Prominent media technologists discussed how the pandemic has altered their content flow as distribution platforms for digital entertainment see increased viewership.

Presented by Western Digital, Variety hosted the Innovators in Media Technology Management, a panel with leading executives as part of the Variety Streaming Room series. The conversation, moderated by Variety’s New York digital editor Todd Spangler, featured panelists Bill Baggelaar, executive vice president and chief technology officer of tech development at Sony Pictures Entertainment and executive vice president and general manager at Sony Innovation Studios; Annie Chang, vice president of creative technologies at Universal Pictures; Rathi Murthy, chief technology officer at Verizon Media; and Matthew Klapman, senior director of professional products and product security at Western Digital.

The conversation also explored solutions for content management across platforms when conducting remote production. While navigating certain capabilities, such as HDR and 4K, is difficult due to expensive equipment, the panelists were hopeful of adapting to the industry’s trends.

“I think the great thing is we’ve found that our workforce is more resilient than I think anybody really thought they were,” Baggelaar said. “I know that we can solve many of the challenges that are facing the industry, but I think the workforce and their ability to pivot and say, ‘Hey, we’re going to work together to solve these problems’ has been really gratifying to see.”

With the explosion of streaming content as global consumers stay at home, the panelists discussed the innovations occurring within the technological sphere to meet skyrocketing demand.

“I think technology has been the hero during this pandemic and the pandemic has accelerated many trends for us,” Murthy said. “For one, we’re seeing creating new immersive consumer experiences with AR, VR, really producing new dynamic, real-time interactive content, where you can bring these consumer experiences. … And the ability to provide that immersive experience with your friends together has really been rewarding in this time.”

To be able to meet the challenges presented by remote production, the panelists have rethought storage space and security, broadband connectivity and production visualization.

“The workflow at work is one thing, now you’re at home, and you have to figure out how to get the files from the cloud, or have someone ship something to you, edit it, store it, get it back,” Klapman said. “We see people backing up stuff, because they’re trying to make sure that things don’t break. So, for us, we’re seeing a wonderful uptick in the amount of tools and local storage we provide through our SanDisk, G-Technology and WD brands.”

As technological innovation remains paramount amid the pandemic, Chang described changing philosophies to “fixing in pre” rather than “fixing in post,” as productions traditionally would. In order to visualize sets and plan shoots ahead of time, studios have relied on game engine technology, used for video games, for the pre-visualization process.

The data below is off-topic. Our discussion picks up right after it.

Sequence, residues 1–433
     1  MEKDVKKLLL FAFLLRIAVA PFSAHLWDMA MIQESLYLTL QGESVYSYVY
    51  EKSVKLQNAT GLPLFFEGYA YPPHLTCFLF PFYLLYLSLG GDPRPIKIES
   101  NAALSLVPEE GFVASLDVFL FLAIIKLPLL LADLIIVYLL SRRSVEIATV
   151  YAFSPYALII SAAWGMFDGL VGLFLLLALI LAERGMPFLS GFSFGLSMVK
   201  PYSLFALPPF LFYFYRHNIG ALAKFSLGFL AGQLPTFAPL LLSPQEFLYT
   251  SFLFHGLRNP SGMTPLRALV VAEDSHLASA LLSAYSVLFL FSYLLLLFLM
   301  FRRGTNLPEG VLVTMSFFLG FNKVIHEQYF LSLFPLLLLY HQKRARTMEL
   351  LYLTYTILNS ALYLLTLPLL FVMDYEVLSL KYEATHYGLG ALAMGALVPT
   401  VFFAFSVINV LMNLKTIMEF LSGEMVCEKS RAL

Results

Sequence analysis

“What’s really neat about this game engine technology is that it also allows for remote collaboration, which gee, look at that, it’s so helpful at this time period here where everyone’s working from home,” Chang said. “And if they can actually jump into a virtual world together, walk around, set some cameras up, take a look at like a few different shots and run some cars through, for example.”

According to Murthy, as 5G becomes more widespread, productions will be able to take advantage of the high latency and lack of delay the technology offers to improve their productivity.

“I think 5G is going to have a massive impact in general on media and entertainment,” she said. “And not just 5G alone in terms of bandwidth, but the power of combining 5G with technologies like AR, VR, I think will just revolutionize the way you think about live events or fan experience all together.”

The panelists also touched on hybridizing on-premise and cloud technology as a means of navigating broadband accessibility and connectivity issues that could arise from power outages or other problems.

“It all goes to that same philosophy I think we’re all talking about here is ‘How do you let the stories be told, in a way where people can express themselves and not be burdened by the complexities of technology that are behind the scenes?’” Klapman said.

As studios look to improve productivity and streamline workflow through technology, the panelists said security is another area of concern, as Verizon found that cyber-attacks increased by a third as a result of the pandemic.

“What we’ve all been doubling down upon is really increased training and awareness across the company, including phishing,” Murthy said. “So, we have been simulating a lot of those events in-house to reflect those challenges of working from home and the COVID, and using those results to bring up new simulations to deliver additional targeted training.”